A new study published in the journal Cannabis and Cannabinoid Research has found that cannabis used for medical purposes can reduce or cease opioid consumption. The study, Perceived Efficacy, Reduced Prescription Drug Use, and Minimal Side Effects of Cannabis in Patients with Chronic Orthopedic Pain, shows that, “Medical cannabis use was associated with clinical improvements in pain, function, and quality of life with reductions in prescription drug use; 73% either ceased or decreased opioid consumption and 31% discontinued benzodiazepines.”
For the study researchers observed orthopedic pain patients who had been enrolled in Pennsylvania’s medical cannabis program by their pain management doctor. These patients received cannabis education and purchased products from state-licensed cannabis retailers.
In the study report’s introduction, authors Ari Greis, Eric Larsen, Conan Liu, Bryan Renslo, Anjithaa Radakrishnan, and Adrianne R. Wilson-Poe stated, “The goal of this study was to capture the medically relevant features of cannabis use in orthopedic noncancer pain patients and to objectively quantify the efficacy of cannabis for pain management and prescription medication reduction. Primary outcomes included change in pain, physical health, and mental health scores. Secondary outcomes measures included change in opioid and benzodiazepine use. We hypothesized that the introduction of cannabis would be correlated with decreased pain, improved physical and mental health, and decreased prescription drug use.”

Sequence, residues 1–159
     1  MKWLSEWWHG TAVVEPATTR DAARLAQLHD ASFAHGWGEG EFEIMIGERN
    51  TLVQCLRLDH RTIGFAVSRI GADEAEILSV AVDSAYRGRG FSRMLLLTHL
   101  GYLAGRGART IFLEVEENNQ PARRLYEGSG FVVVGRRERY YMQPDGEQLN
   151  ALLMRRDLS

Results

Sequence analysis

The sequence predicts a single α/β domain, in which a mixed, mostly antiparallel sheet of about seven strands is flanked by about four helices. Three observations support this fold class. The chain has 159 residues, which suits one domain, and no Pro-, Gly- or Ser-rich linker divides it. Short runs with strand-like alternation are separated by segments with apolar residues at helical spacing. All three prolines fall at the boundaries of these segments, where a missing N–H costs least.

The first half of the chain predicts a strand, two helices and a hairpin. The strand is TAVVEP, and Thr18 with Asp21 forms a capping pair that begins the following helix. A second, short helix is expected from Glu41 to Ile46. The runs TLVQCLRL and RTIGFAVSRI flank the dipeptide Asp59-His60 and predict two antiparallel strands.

Their hypothesis proved correct.
The study’s results show that cannabis use can be effective against chronic pain issues and potentially reduce the need for prescription opioid drugs. “In patients with chronic musculoskeletal noncancer orthopedic pain, cannabis reduces pain, improves mental and physical health, and improves QoL. These improvements occur within 3 months of regular cannabis use and appear to plateau thereafter. Our results show an objective association between the initiation of cannabis therapy and the reduction of both opioid and benzodiazepine prescriptions. Interestingly, therapeutic benefits occur with infrequent-to-moderate cannabis use, and the majority of patients appear to self-titrate in a manner that produces beneficial effects in the absence of intoxication.”
The study’s findings are welcome news for orthopedic patients who suffer from chronic pain issues and are concerned about the potential side effects of ongoing opioid use, including the very real concern of developing an opioid dependency.